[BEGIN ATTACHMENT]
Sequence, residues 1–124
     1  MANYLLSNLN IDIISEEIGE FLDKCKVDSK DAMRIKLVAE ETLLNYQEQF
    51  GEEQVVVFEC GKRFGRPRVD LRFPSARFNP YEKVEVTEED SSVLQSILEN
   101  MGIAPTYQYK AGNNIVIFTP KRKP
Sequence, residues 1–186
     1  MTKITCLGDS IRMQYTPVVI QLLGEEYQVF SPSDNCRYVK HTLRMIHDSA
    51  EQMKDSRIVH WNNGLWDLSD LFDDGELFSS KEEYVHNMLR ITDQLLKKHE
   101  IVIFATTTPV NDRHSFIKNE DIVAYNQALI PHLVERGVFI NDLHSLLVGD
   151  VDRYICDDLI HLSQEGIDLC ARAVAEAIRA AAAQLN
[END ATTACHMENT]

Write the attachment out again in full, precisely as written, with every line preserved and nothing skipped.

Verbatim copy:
Sequence, residues 1–124
     1  MANYLLSNLN IDIISEEIGE FLDKCKVDSK DAMRIKLVAE ETLLNYQEQF
    51  GEEQVVVFEC GKRFGRPRVD LRFPSARFNP YEKVEVTEED SSVLQSILEN
   101  MGIAPTYQYK AGNNIVIFTP KRKP
Sequence, residues 1–186
     1  MTKITCLGDS IRMQYTPVVI QLLGEEYQVF SPSDNCRYVK HTLRMIHDSA
    51  EQMKDSRIVH WNNGLWDLSD LFDDGELFSS KEEYVHNMLR ITDQLLKKHE
   101  IVIFATTTPV NDRHSFIKNE DIVAYNQALI PHLVERGVFI NDLHSLLVGD
   151  VDRYICDDLI HLSQEGIDLC ARAVAEAIRA AAAQLN